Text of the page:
4) A letter written by a 14 year old girl to the LEGO company speaking up against a pink line of LEGOS for girls

5) A humorous and sarcastic op-ed about a ridiculous sounding, more convenient way to make a PB&J sandwich 

The first thing that I did is to give the kids time to just read the articles.  I offered to read the articles out loud to those who wanted to hear them read, knowing that some of the articles were too difficult for some of my readers. Some kids took me up on the offer, other kids chose quiet spots around the room to settle in and just read. There was a lovely feel in the classroom as the kids set out to read through the lens of writing craft.  Before sending them off, I told them that when I am trying to find mentor texts, I have to listen for parts of a piece of writing that make me feel something, that move me. I told them that today, they were going to try to listen to the parts of a text that moved them as readers and as writers. I wanted them to listen for ways of writing that made them think, “Hey! I could try that.”

After giving the kids time to read, we came back together and I told the kids that they were going to be in charge today of finding the strategies that authors used to support their claims and to make their writing more convincing.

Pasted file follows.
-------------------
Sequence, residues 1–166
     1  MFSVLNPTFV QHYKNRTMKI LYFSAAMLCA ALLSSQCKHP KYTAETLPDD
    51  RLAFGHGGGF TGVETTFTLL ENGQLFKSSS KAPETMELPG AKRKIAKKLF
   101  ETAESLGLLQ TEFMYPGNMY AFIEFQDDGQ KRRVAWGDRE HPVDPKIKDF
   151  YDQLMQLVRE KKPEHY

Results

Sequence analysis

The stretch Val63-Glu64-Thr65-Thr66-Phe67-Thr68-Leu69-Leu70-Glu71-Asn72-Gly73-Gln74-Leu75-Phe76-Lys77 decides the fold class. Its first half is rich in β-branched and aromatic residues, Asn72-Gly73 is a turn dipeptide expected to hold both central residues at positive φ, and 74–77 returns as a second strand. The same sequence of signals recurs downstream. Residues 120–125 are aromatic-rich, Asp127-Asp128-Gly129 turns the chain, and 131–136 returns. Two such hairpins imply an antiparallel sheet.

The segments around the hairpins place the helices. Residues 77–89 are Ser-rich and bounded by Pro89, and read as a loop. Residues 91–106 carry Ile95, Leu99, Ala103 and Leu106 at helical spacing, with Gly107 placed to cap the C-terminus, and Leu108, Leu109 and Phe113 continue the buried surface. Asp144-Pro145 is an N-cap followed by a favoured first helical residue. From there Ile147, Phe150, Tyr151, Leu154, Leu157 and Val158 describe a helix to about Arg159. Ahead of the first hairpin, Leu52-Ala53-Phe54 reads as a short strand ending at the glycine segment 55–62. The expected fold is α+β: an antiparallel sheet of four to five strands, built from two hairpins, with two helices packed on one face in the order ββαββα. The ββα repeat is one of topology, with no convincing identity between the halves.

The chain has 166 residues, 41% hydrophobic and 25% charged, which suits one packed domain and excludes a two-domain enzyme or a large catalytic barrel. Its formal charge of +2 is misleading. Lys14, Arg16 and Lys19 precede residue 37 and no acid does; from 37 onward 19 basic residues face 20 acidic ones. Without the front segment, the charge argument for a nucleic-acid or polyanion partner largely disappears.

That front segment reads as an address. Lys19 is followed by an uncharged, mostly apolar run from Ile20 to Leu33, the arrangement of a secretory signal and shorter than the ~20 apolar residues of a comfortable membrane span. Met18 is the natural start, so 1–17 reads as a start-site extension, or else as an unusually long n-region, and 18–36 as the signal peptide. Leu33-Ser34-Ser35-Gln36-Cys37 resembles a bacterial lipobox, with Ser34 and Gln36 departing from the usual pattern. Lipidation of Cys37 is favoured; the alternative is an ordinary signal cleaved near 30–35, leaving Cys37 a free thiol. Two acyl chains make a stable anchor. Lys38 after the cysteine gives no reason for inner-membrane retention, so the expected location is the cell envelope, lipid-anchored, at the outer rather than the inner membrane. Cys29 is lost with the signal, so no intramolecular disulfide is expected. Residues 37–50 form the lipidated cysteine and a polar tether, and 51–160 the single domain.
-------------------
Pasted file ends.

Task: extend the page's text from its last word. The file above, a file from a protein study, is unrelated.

I then had the kids form groups and I asked them each to choose a piece of writing to look at more closely.  I had them create the same chart in their writers’ notebooks that we had been using to look at the strategies that I had found in mentor texts in the previous weeks. They made the, now familiar, three column chart that included: text title, strategy the author used to support his/her claim, and example from the text where the author used this strategy. I told the kids that they would begin by rereading the article one more time, looking for the specific places where they saw the author using a strategy that we had not yet discovered in order to make his/her writing more persausive. I explained that they should then find a way to describe that strategy so that other writers could use it no matter what they were writing about. Finally, I wanted them to find the specific words that the author used that showed him/her using this strategy.  They were to record all of this on their charts in their notebooks.